This has been playing out for a few years already, and is worth keeping an eye on. For Egypt, Sudan's political future is crucial to this issue and is one reason Cairo is so adamantly opposed to the partition of Sudan and to foreign intervention in Darfur. The thing is, this year had the biggest volume of water coming into the Nile in decades (presumably a consequence of climate change), and I'm not sure what the scientific impact of diverting more water upstream would be on Egypt. But no matter what, Egypt will fight tooth and nail to preserve the status quo:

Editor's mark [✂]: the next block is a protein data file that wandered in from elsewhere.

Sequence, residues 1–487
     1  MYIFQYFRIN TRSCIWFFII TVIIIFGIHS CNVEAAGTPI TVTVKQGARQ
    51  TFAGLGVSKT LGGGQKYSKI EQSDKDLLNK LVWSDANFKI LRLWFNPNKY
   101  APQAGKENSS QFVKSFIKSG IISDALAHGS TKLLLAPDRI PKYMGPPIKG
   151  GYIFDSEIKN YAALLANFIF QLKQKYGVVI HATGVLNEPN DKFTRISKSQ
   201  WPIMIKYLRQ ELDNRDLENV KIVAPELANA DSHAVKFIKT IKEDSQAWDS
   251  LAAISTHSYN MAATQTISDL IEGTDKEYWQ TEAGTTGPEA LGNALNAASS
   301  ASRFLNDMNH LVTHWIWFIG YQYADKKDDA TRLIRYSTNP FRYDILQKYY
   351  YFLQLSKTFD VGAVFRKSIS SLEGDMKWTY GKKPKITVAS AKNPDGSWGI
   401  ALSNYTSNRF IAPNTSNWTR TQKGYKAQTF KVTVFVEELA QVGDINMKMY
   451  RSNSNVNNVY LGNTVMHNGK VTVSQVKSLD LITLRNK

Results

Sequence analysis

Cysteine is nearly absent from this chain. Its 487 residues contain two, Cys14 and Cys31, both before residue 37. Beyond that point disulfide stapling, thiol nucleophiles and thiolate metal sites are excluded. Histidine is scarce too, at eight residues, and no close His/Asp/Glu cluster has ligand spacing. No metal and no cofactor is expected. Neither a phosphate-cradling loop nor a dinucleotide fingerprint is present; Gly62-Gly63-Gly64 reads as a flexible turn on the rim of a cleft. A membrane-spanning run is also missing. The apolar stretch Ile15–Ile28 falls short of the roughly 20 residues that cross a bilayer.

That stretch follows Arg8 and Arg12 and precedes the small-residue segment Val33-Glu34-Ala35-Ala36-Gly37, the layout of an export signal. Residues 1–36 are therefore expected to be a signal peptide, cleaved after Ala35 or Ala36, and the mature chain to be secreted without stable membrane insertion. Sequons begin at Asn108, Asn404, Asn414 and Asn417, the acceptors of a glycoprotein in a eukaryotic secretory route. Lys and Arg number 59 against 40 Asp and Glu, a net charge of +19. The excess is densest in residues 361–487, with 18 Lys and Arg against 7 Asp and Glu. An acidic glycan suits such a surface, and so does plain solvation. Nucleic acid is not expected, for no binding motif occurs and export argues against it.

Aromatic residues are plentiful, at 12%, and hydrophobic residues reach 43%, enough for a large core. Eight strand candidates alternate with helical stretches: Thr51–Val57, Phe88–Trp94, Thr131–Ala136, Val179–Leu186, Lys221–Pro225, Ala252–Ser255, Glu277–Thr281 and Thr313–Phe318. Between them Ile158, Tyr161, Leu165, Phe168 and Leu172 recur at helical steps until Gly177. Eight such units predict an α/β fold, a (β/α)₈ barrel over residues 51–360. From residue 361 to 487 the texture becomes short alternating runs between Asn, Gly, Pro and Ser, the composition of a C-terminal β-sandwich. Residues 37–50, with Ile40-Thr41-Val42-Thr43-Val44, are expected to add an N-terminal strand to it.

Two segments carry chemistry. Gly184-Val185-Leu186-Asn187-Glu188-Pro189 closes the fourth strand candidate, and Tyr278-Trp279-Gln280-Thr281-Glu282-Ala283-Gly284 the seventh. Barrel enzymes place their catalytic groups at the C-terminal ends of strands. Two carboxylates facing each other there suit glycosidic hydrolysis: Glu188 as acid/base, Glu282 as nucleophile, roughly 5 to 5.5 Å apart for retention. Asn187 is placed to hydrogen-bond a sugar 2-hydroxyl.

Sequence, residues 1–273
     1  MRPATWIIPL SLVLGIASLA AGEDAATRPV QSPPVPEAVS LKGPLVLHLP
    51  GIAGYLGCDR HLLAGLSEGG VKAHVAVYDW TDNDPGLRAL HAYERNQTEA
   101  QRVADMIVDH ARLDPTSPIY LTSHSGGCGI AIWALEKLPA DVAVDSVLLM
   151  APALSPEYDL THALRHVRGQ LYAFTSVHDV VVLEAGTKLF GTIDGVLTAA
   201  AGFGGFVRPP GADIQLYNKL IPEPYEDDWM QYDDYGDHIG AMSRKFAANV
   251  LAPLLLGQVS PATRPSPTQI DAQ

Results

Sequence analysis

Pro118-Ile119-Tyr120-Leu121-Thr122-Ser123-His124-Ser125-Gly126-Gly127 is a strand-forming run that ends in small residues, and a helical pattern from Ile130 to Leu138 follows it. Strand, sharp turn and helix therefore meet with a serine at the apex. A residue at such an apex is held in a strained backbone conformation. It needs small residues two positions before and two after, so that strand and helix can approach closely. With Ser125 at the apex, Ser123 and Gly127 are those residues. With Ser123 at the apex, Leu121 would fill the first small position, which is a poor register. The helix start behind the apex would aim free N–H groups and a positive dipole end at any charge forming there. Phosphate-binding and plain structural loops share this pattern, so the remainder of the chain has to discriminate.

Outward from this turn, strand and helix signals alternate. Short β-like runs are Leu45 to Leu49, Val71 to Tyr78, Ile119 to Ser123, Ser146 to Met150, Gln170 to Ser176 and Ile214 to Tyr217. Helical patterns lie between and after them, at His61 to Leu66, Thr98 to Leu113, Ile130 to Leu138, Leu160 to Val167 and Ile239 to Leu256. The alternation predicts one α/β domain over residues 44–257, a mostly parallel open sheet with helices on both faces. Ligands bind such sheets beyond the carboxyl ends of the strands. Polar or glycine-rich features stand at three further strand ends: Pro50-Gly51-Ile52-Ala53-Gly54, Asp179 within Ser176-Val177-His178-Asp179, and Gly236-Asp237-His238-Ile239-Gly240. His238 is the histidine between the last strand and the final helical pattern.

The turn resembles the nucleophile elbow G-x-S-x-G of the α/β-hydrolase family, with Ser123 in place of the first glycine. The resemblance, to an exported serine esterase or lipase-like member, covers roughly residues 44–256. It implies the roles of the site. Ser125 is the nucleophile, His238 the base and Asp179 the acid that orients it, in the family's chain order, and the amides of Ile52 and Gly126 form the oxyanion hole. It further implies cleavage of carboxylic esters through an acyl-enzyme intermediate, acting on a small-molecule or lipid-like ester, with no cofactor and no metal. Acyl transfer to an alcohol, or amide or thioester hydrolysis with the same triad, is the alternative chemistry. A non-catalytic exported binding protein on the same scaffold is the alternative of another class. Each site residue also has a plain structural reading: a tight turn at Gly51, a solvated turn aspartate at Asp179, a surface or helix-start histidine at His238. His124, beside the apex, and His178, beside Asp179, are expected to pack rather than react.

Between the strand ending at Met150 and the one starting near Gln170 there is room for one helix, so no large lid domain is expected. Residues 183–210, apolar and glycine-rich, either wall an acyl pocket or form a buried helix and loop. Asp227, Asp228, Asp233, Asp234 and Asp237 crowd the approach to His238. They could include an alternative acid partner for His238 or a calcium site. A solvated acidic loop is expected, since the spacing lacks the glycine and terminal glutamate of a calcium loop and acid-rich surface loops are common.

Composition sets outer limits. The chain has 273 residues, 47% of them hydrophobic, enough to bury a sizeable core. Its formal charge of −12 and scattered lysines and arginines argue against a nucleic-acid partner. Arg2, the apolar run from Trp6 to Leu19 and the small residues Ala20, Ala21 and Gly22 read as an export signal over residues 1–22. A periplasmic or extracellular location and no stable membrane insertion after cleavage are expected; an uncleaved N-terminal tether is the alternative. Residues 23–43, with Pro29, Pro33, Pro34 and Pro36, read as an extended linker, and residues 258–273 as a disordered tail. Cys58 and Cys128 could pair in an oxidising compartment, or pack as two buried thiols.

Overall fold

The distribution of Nile River water has been regulated by the 1929 Blue Nile agreement between the United Kingdom and Egypt, and the 1959 agreement between Sudan and Egypt. The latter gave Cairo a de facto right to veto any project using Nile water in other riparian states. Although this treaty remained unchallenged over the years, this is no longer the case. Indeed, many African states have experienced robust G.D.P. growth rates in recent years -- with the notable exception of Eritrea, which suffers immensely due to its border war with Ethiopia and its devastating economic policy of self-reliance -- and this has increased their need to develop their infrastructure, produce more energy, and provide more water to their populations. Understandably, the majority of the Nile River countries now want to re-negotiate the decades-old treaties.Considering Egypt's considerable fall in regional stature over the past few years, it won't be in a great position to re-negotiate the treaty when the time comes. And while in the past some officials have threatened military action over this issue, I can't imagine they would really be able to carry them out considering that the other states have a pretty strong case that they would be righting an unfair treaty.